Flying-fox camp management policy
Three species of flying-fox roost in camps in NSW: the grey-headed, black and little red flying-fox. These flying-foxes help to preserve native forests by pollinating plants and dispersing seed. As a result, they have a crucial role to play in conserving native plants and animals.
As the clearing and modification of native vegetation in eastern Australia has greatly reduced their habitat, flying-foxes are increasingly roosting in camps near urban areas, where they may disturb residents or other members of the community, and may create conflict.
This flying-fox camp management policy:
- helps stakeholders to understand and meet their legal responsibilities in regard to flying-fox camps in NSW, and appropriately conserve and manage these camps
- advises on ways of dealing with public complaints about flying-foxes
- outlines strategies for a flying-fox education and communication strategy
- provides guidelines to assist in forward planning, so conflicts caused by locating inappropriate land uses near flying-fox camps are avoided or mitigated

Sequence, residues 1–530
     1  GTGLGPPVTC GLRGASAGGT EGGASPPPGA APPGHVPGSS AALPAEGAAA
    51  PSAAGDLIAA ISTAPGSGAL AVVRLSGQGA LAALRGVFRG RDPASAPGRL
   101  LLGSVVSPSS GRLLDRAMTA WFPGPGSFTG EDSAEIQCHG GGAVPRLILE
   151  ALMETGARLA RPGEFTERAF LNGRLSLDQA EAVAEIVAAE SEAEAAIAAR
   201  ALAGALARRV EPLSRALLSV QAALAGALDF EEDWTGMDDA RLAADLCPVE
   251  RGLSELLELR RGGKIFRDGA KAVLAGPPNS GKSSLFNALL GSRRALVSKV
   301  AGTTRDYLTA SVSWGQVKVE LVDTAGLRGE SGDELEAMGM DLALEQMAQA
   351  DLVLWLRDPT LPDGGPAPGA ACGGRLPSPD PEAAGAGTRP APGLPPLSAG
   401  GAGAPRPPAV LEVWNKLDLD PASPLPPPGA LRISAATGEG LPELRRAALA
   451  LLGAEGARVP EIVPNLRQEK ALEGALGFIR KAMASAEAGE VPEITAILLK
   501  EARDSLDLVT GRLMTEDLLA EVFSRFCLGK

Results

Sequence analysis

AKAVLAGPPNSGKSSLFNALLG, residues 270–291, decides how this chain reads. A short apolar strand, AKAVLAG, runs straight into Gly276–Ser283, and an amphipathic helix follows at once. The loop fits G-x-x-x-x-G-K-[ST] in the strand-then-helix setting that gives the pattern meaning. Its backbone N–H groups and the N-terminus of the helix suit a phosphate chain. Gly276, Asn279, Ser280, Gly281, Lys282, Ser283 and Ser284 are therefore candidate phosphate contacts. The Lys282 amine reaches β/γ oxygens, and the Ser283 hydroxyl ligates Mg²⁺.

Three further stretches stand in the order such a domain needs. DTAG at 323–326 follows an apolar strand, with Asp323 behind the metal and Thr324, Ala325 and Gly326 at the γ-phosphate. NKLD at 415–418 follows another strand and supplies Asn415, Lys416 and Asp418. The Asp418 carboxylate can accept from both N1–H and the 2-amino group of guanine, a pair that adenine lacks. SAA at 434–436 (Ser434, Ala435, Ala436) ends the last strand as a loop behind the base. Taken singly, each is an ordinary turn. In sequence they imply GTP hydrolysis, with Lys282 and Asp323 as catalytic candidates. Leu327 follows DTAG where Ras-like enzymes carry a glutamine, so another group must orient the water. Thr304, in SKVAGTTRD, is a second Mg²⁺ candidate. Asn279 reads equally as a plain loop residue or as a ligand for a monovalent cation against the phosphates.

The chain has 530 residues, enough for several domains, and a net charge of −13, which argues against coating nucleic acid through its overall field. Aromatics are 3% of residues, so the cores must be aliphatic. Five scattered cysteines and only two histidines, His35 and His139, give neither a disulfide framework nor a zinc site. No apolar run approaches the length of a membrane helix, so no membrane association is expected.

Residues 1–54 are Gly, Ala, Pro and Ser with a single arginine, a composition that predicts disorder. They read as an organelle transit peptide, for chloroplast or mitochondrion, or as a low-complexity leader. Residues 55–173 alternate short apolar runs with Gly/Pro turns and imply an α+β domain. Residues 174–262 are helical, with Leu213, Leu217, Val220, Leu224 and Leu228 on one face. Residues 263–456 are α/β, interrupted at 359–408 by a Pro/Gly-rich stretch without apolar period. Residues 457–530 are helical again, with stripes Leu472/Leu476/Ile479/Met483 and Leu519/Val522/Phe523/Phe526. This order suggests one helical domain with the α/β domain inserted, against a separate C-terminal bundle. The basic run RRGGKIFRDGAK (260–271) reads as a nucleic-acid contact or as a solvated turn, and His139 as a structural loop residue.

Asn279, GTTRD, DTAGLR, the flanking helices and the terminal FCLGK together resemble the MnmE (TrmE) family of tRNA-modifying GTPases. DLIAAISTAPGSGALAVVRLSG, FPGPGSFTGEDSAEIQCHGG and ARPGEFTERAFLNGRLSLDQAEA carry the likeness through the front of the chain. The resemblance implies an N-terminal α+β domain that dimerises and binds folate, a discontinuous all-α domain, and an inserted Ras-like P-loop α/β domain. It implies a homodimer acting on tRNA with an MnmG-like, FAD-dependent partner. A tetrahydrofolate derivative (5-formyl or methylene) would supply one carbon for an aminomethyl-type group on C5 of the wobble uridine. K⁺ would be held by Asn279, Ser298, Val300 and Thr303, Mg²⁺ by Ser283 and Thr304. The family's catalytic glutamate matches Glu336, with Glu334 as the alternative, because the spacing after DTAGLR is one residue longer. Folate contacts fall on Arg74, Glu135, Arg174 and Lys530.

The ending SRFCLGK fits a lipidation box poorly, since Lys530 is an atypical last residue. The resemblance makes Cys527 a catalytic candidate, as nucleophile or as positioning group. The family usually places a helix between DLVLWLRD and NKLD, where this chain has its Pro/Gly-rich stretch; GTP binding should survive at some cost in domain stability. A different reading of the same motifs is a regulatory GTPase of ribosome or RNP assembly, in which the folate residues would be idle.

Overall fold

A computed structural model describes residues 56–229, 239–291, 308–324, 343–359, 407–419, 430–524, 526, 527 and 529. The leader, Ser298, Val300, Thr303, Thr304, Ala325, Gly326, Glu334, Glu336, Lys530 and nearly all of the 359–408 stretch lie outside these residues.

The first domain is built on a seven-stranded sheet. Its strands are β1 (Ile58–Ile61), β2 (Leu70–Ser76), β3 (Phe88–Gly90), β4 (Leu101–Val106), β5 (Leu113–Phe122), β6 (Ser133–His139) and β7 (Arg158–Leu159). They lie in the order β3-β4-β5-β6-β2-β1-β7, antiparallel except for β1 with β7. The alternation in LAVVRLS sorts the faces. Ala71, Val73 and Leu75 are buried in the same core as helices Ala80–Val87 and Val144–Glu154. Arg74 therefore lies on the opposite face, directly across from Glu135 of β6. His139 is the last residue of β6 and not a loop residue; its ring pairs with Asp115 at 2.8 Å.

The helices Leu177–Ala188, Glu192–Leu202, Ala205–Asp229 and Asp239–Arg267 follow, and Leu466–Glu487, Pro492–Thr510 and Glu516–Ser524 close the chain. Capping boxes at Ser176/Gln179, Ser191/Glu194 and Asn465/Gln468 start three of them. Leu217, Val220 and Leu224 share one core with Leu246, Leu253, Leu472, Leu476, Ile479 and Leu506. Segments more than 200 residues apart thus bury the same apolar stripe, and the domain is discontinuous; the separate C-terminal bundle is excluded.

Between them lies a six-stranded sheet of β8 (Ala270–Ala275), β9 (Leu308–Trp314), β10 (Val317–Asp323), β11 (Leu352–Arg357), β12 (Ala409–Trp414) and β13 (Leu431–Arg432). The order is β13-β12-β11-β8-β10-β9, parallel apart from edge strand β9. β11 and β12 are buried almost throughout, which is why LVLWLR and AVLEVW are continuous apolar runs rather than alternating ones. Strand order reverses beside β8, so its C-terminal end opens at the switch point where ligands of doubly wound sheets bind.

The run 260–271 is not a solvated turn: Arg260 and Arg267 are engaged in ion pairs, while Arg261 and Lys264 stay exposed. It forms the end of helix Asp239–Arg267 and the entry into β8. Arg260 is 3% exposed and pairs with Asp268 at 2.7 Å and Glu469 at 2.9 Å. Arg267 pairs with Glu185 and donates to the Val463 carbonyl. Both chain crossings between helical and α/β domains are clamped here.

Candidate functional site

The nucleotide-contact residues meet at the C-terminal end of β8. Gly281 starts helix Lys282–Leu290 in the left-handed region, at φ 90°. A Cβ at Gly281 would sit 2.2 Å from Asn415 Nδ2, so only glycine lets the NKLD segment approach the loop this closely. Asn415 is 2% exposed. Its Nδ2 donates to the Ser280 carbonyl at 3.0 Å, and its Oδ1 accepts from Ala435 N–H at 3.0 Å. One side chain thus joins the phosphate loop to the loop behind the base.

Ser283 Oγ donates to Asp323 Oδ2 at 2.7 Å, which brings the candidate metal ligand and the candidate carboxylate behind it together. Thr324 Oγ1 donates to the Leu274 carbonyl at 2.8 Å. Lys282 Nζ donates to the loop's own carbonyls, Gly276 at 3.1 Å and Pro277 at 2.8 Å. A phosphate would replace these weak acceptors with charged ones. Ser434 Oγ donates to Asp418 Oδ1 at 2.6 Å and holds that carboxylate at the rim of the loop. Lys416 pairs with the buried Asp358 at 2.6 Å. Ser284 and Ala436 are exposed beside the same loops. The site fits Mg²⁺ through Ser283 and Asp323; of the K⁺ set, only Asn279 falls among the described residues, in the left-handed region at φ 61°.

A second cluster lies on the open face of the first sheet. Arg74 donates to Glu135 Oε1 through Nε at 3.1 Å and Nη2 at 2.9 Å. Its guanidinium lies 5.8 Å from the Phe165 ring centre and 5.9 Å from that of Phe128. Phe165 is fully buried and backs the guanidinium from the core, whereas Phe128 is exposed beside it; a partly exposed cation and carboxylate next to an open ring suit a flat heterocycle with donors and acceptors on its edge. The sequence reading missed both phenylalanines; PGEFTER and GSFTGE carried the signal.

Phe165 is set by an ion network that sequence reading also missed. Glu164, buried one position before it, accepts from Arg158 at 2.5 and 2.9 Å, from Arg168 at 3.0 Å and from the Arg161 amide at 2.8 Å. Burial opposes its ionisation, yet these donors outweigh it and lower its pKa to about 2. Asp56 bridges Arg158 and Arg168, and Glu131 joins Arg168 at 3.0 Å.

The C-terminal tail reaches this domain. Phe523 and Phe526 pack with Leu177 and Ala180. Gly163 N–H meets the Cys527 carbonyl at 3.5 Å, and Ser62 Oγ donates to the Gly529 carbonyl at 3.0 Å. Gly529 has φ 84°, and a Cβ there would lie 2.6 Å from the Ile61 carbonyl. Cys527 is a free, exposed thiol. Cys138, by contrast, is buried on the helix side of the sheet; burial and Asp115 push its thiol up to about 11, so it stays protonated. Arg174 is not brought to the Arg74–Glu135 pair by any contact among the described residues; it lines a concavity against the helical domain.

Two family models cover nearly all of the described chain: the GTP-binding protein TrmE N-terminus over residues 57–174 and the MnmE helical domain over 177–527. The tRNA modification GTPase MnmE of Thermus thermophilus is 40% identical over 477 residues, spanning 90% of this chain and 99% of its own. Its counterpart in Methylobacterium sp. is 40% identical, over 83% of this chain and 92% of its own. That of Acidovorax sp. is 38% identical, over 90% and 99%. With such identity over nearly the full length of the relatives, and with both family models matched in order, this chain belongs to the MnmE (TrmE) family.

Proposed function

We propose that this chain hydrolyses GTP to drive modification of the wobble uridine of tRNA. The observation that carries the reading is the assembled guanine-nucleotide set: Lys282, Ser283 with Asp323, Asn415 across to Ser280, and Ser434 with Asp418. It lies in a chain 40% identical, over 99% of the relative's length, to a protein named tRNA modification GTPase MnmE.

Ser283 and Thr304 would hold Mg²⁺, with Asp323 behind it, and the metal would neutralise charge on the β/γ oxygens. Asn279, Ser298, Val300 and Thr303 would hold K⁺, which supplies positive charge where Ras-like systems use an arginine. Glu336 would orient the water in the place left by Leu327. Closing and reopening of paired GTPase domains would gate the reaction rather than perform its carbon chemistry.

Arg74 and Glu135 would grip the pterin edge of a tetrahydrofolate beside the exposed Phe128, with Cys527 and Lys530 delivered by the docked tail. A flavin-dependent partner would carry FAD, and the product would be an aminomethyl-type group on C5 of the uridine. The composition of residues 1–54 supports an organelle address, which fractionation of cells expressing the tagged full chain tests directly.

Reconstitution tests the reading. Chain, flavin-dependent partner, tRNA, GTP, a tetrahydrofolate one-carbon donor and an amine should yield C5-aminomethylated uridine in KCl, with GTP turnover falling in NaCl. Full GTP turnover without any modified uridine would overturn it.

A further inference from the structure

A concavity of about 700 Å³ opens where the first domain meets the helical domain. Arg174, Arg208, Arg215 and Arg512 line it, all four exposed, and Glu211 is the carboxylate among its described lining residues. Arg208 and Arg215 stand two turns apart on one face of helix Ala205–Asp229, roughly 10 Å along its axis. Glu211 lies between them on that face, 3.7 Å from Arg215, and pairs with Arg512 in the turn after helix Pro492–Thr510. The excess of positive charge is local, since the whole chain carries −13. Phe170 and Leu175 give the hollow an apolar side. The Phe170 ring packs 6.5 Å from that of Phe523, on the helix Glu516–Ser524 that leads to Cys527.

- provides recommended procedures for relocating flying-fox camps
- informs those wishing to relocate flying-fox camps how to obtain and meet licence conditions.
OEH does not generally support disturbing flying-fox camps as:
- they provide flying-foxes with access to available food resources
- relocation attempts are often unsuccessful
- disturbance creates stress for and can injure the animals, especially the young.
However, OEH acknowledges that there may be circumstances in which a relocation attempt may be warranted.
For more information and links to other OEH policies on flying-foxes visit the OEH Flying-fox webpage.
Page last updated: 03 November 2011